Eating In Is The New Eating Out – What Does This Mean For Kitchen Suppliers?

We're all aware of the effects of the recession and its impact on consumer spending. Many businesses went bust and some are still struggling even now. For suppliers of costly fitted kitchens this is especially true. When people rein in their spending, internal refurbishment plans are among the first things to go. MFI demonstrated this with their closure in 2008.

As a result, only those companies that innovate or have the cash reserves to stay buoyant survive.

What some retailers failed to see however, was that while a slump in general kitchen was definitely certain, there were segments spending more than usual on kitchen fittings and furniture. Some took advantage, but most had no idea it was happening.

Nothing changes consumer habits like a downturn, and although kitchens took a hit in sales, so did eating establishments around the world. More and more people were staying in and saving their money. Whilst they were staying in though, more had taken to cooking; no doubt inspired by the myriad of cooking programs that featured on television during the recession. As their skills improved and their ambition grew, more expensive and intricate appliances were required.

One company to recognize this was SteelCuisine, a manufacturer of beautifully designed, professional range cookers. They manufactured single units to order for a premium and have since become popular through Europe. They recognized that these aspiring stay-at-home chefs wanted to put on a show, to wow their guests with their culinary prowess. As a result, they began to fit their range cookers with barbeques and tall flames for woks to create an impressive atmosphere. also recognized a shift in buying patterns, consumers were indeed avoiding showrooms, but instead they were purchasing online where 55% of their sales in 2010 came directly from online orders. So for those kitchen retailers who struggled or failed in the recession, sometimes the lack of a website was the final nail in the coffin.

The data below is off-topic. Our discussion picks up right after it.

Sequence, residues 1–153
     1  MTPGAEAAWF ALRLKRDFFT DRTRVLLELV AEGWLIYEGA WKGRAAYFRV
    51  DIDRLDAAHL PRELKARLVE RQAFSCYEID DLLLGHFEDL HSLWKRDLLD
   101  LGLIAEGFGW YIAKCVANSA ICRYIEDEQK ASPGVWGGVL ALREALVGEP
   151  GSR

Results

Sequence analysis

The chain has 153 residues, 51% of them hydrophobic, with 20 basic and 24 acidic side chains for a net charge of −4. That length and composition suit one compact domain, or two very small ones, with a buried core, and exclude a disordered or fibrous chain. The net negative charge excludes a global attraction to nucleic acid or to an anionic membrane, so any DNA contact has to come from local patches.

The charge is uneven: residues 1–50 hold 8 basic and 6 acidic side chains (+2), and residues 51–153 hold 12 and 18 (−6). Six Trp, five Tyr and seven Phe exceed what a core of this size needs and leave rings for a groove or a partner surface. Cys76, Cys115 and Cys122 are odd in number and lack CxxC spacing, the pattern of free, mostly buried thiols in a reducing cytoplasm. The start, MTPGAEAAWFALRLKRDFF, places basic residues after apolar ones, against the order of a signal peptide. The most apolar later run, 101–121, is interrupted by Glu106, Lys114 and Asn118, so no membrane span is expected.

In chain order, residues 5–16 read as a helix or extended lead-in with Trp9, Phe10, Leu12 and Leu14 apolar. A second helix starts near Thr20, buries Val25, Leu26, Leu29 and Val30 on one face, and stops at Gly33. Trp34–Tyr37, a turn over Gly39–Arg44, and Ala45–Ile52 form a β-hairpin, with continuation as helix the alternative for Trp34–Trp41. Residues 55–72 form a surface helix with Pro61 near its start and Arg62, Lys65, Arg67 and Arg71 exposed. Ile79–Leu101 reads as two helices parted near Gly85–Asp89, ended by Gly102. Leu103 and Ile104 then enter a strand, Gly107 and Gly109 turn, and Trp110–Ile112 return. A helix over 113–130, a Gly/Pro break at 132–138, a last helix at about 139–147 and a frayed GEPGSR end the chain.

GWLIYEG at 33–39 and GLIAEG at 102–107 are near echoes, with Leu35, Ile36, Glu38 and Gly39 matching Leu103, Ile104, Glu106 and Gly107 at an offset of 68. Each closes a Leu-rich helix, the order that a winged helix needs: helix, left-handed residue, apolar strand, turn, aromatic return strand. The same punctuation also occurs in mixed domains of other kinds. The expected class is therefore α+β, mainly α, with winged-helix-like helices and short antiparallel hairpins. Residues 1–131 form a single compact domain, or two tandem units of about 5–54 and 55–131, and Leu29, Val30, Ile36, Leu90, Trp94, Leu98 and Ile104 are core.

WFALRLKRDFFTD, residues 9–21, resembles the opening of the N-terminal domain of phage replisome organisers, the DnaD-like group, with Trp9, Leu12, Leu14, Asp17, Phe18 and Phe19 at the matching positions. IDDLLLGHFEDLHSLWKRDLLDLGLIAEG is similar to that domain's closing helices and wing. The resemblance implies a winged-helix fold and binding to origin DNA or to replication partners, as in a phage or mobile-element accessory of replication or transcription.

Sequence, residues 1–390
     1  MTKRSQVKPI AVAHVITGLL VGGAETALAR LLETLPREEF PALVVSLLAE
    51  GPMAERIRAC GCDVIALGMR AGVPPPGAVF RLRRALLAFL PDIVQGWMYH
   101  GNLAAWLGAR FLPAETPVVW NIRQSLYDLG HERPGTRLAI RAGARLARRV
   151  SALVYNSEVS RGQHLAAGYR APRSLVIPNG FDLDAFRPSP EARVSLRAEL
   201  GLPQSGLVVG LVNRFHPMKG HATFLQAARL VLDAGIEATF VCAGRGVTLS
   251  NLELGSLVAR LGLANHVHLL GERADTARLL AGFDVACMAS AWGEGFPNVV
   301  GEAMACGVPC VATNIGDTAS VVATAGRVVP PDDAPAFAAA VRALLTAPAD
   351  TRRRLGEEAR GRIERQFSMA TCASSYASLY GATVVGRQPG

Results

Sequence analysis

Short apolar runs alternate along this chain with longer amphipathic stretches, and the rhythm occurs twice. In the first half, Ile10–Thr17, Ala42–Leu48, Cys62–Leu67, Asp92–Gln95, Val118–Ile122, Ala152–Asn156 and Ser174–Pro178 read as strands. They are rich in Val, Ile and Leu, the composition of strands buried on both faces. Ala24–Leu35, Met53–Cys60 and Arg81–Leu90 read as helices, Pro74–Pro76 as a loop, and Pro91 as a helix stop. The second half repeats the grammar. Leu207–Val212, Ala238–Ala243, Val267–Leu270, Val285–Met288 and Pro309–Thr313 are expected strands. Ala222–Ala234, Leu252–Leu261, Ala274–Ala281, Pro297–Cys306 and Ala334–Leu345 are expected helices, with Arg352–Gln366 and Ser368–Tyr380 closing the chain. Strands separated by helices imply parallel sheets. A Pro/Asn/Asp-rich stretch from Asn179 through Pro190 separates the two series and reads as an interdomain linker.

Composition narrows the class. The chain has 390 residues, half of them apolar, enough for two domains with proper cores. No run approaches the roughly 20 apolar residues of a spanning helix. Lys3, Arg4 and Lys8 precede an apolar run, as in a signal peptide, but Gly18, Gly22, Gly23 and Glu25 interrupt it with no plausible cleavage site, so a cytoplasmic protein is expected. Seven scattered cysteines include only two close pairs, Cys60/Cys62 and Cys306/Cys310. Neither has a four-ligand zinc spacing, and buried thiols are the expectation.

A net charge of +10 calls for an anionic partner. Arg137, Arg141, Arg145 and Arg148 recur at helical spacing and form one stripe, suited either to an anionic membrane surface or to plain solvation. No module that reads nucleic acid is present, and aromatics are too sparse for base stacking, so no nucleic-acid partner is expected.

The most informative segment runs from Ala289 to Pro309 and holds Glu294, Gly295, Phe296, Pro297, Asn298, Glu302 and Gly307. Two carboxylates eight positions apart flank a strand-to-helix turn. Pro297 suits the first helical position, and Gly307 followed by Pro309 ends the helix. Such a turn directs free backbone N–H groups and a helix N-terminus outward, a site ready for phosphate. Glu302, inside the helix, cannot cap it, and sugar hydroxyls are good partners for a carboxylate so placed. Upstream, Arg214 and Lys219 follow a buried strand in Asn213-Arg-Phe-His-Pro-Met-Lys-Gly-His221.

Amazon is proof enough of this, the number of prestige items for advanced culinary feats on their 'most wished for' section is incredible. Although these do not necessarily indicate increasing buying of fittings, it does illustrate the swing in stay-at-home culinary behavior.

So what does this mean for kitchen suppliers? Well, as consumers become more kitchen 'savvy' their tastes and requirements will change. Your typical fitted kitchen will no longer satisfy their lifestyle and so some kitchen suppliers will look to change their product ranges to entice these people. Magnet are well-known for their TV advertising campaigns that talk about kitchens 'built around you' and they have an easy to navigate website so it would seem that those brands that have a bespoke or semi-bespoke offer have fared better than those do not. Even Homebase is trying to move in to the mid-range kitchen market by test-marketing German kitchens in select stores in the UK through a partnership with Nobilia.

It would seem then that for those kitchen suppliers looking to survive into the next economic boom, providing online communication channels and offering at least a semi bespoke kitchen offering is the way forward.